black-necked stilt

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  • noun

Synonyms for black-necked stilt

stilt of southwestern United States to northern South America having black plumage extending from the head down the back of the neck

References in periodicals archive ?
Constructed wetland habitat for American avocet and black-necked stilt foraging and nesting.
Table 1--Number of nests monitored by three treatments used to detect predators and frequency of predation on nests of American avocets (Recurvirostra americana) and black-necked stilts (Himantopus mexicanus) in Don Edwards San Francisco Bay National Wildlife Refuge, San Mateo and Santa Clara counties, California, 2006-2007.
6% of the 31,277 birds recorded in the guild and ranked 5th in overall abundance; the Black-necked Stilt was the second most abundant shorebird (#12).
Muscovy Duck (Cairina moschata) Orinoco Goose (Neochen jubata) Rallidae Azure Gallinule (Porphyrio flavirostris) Grey-necked Wood Rail (Aramides cajanea) Purple Gallinule (Porphyrio martinica) Heliornithidae Sungrebe (Heliornis fulica) Eurypigidae Sunbittern (Eurypyga helias) Aramidae Limpkin (Aramus guaruna) Burhinidae Double-striped Thick-knee (Burhinus bistriatus) Charadriidae Collared Plover (Charadrius collaris) Recurvirostriidae Black-necked Stilt (Himantopus mexicanus) Jacanidae Wattled Jacana (Jacana jacana) Scolopacidae Greater Yellowlegs (Tringa melanoleuca) Lesser Yellowlegs (T.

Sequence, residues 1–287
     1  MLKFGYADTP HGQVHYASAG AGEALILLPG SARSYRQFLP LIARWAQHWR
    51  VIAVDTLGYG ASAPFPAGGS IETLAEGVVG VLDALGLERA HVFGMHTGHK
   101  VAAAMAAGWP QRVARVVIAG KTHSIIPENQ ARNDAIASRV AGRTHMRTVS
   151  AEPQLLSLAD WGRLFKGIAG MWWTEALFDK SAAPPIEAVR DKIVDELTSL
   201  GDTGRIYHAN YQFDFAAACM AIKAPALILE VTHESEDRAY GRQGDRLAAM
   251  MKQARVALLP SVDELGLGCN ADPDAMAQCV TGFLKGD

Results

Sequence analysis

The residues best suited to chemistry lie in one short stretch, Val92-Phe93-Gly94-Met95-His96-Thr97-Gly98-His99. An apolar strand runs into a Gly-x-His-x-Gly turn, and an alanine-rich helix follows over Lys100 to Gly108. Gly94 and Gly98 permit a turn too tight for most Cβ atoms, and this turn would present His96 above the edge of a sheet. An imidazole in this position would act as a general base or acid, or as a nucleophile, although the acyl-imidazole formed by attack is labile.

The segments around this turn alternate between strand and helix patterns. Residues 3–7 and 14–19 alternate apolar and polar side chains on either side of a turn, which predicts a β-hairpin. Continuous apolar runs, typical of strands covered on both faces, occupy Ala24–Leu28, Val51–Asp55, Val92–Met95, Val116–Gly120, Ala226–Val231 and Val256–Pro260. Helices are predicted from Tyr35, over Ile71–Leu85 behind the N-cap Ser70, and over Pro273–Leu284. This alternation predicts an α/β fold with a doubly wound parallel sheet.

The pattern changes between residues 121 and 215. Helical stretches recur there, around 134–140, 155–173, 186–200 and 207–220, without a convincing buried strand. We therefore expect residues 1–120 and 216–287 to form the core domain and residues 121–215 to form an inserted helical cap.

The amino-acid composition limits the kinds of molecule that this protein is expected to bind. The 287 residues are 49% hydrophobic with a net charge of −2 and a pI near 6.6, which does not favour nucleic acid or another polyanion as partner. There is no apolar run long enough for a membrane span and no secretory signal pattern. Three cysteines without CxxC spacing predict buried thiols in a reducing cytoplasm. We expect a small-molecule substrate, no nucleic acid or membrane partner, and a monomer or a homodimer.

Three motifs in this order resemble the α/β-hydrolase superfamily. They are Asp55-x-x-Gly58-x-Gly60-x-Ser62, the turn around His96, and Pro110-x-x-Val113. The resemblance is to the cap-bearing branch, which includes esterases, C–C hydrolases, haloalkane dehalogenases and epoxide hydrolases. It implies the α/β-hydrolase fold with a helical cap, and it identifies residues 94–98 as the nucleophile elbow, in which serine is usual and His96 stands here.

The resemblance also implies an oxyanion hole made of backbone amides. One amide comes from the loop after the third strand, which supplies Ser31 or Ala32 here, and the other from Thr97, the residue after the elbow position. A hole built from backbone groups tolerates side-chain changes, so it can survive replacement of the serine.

1 -- cover -- color) On the cover: A black-necked stilt resides at the aquarium
Curlews, willets, and black-necked stilts hide in the tall grasses on the pond's edge.
Roseate spoonbills, heron species, black-necked stilts, cormorants, northern harriers, white-tailed hawks, and owls (short-eared, barn and great-horned) are common.
Best bets: Black-necked stilts are beginning to colonize Fern Ridge Reservoir.
On a recent visit there were more than two-dozen bird species, including cinnamon teals, avocets, ruddy ducks in breeding plumage, black-necked stilts, a great blue heron, great and snowy egrets and lots of white-faced ibis.
Black-necked stilts (Himantopus mexicanus), black skimmers (Rynchops niger), and least and gull-billed terns (Sterna antillarum and Sterna nilotica, respectively) can be found nesting along the shorelines of the salt lakes.
The total absence of Black-necked Stilts during this study is inexplicable, given their winter occurrence in the Corpus Christi area (Withers & Chapman 1993).
About 30 yards away, three black-necked stilts - an unusual sight west of the Cascades - poked around in the shallow muddy water.
Royal tern and black-necked stilts nest in the conserved habitat.